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Philosophy And Education: From Elitism To Democracy

1966 words - 8 pages

Philosophy and Education: From Elitism to Democracy

ABSTRACT: From its first appearance in western culture, philosophy has been considered able to build up reality, to educate people, and to disclose truth. Plato proposed philosophers as governors in life-long pursuit of philosophical learning. Socrates was the ideal paradigm of an educating philosopher: he tried to wake up human minds so that they could be aware of themselves and of the world, criticizing tradition and prejudices in a logically consistent perspective. A critical and dialogic approach—not by mere chance defined as "Socratic"—to problems has been considered until now the most profitable method of teaching. Socrates is a pioneer in discussing the question of a philosophical (paideia), as he defined his method "maieutic." He was not an authoritarian teacher, but a sparring partner in the process of self-education. Moreover, he considered himself as the most learned and, at the same time, the wisest in Greece, just because he was conscious of his ignorance. Therefore, he understood for the first time in our cultural tradition that knowledge is an endless process rather than a product, within marked bounds.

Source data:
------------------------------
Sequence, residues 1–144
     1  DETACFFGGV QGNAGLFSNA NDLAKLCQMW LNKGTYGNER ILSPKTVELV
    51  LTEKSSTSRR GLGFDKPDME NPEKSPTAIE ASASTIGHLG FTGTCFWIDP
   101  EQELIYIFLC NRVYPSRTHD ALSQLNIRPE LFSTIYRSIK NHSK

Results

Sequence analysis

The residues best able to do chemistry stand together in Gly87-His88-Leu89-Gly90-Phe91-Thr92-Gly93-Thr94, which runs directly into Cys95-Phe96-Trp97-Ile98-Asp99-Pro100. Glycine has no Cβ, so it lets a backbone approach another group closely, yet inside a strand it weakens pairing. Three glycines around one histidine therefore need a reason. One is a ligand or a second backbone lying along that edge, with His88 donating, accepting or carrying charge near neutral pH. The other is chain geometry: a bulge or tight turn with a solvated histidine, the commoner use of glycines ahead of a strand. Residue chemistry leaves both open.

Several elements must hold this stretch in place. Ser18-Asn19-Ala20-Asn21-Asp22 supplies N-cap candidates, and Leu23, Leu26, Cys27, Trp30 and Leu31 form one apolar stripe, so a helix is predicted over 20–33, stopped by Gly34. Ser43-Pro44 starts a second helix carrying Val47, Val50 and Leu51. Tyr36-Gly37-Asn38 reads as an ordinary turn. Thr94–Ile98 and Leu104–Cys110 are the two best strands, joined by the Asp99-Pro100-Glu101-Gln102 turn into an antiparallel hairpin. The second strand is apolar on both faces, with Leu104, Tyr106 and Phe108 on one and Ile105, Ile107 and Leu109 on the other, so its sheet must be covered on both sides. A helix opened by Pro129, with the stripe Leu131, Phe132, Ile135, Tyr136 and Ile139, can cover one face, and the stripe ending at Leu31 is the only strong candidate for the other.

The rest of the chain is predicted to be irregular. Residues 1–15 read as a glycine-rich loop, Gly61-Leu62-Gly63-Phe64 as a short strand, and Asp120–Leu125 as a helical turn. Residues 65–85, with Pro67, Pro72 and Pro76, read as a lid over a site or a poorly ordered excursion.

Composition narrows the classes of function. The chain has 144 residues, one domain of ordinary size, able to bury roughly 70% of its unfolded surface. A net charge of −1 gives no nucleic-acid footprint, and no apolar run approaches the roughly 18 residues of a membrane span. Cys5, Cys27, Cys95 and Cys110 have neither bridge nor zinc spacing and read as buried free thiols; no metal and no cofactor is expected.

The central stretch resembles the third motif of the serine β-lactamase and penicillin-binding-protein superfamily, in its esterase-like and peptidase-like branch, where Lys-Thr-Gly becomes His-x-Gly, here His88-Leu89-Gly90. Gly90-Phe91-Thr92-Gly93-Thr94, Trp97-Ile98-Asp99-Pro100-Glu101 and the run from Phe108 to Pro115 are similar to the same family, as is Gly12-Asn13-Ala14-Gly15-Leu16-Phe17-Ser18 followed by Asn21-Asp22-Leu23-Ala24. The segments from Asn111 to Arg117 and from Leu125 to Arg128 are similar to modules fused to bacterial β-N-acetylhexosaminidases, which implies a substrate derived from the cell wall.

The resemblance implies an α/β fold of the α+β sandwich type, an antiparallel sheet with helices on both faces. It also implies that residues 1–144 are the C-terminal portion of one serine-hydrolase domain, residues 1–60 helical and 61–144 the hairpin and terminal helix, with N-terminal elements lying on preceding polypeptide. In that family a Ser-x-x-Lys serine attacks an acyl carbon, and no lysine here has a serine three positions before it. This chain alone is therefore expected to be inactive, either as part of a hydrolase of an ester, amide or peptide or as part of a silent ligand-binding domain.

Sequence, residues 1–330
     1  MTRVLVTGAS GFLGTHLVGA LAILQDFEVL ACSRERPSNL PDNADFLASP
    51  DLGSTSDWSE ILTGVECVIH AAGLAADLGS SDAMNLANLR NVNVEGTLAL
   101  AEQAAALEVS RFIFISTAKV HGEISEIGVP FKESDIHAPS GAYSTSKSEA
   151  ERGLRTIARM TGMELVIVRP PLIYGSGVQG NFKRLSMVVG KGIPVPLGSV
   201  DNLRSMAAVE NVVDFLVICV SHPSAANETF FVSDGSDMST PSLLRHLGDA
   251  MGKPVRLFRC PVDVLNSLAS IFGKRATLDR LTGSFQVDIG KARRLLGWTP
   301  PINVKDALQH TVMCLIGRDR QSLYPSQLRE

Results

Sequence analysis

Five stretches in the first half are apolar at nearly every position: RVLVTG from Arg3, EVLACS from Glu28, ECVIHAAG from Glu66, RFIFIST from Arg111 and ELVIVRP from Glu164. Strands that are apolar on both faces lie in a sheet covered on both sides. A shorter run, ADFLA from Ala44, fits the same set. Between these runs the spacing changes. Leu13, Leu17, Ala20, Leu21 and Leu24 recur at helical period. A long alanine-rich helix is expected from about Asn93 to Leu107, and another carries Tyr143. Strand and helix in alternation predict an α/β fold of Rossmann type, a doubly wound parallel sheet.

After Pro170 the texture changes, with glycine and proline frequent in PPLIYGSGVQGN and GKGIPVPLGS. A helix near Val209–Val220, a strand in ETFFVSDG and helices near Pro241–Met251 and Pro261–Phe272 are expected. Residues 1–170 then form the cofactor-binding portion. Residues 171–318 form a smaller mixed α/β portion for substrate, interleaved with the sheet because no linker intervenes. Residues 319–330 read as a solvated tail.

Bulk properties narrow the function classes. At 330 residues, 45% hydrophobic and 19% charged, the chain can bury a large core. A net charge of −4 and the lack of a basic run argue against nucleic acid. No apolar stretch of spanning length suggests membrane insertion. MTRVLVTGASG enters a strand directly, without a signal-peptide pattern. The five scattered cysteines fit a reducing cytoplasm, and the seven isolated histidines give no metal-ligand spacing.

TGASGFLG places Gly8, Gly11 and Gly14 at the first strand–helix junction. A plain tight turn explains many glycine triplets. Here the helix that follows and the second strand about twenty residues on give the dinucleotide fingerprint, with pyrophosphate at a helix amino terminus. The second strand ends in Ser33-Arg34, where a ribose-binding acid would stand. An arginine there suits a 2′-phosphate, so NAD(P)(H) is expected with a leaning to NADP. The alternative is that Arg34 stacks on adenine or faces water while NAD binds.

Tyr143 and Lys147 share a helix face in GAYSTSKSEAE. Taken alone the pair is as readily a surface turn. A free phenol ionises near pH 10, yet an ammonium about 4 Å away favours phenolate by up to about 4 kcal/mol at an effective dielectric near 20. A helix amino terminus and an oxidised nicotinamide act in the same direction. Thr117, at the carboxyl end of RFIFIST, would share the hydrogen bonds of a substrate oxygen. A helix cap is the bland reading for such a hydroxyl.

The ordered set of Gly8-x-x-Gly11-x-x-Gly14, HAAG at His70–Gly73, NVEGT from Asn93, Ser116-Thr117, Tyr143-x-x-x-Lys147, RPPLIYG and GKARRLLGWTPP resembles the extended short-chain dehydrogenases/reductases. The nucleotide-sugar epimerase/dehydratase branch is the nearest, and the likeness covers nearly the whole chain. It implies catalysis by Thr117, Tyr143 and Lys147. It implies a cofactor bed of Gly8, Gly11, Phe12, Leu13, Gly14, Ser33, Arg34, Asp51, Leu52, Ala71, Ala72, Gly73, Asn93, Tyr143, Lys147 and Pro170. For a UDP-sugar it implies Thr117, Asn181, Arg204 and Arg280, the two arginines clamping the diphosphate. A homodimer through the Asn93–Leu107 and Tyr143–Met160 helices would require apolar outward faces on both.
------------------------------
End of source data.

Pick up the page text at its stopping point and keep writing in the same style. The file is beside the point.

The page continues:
From its first appearance in western culture, philosophy has been considered able to build up reality, to educate men and to disclose truth. Plato proposed philosophers as governors and a lifelong philosophical paideia; nevertheless, yet before him, philopophy and kalokagaqia were in a close relation, as Parmenides and Heraclitus show. Particularly Socrates is the ideal paradigm of an educating philosopher: he tried to wake up human minds, so that they could be aware of themselves and of the world, criticizing tradition and prejudices in a logically consistent perspective. A critical and dialogic approach—not by a mere chance defined "Socratic"—to problems has been considered until now the most profitable method of teaching. Socrates is a pioneer in discussing the question of a philosophical paideia, as he defined his method "maieutic." He was not an authoritarian teacher, but a spurring partner in the process of self-education. Moreover, he considered himself as the most learned and, at the same time, the wisest in Greece, just because he was conscious of his ignorance. Therefore, he understood, for the first time in our cultural tradition, that knowledge is an endless process rather than a product, within marked bounds. In conclusion,docta ignorantia has the following bases:

i) the disposition to investigate;

ii) the astonishment in front of the world and the unknown;

iii) the consciousness that knowledge is not only a whole of notions (though always open), but also and meanly a qualitative process of inter-relations and interactions between knowing subject and known object.

In the history of educational theories, these Socratic ideas have been persisting over the centuries, in spite of ideological differences of various thinkers. From this point of view,...

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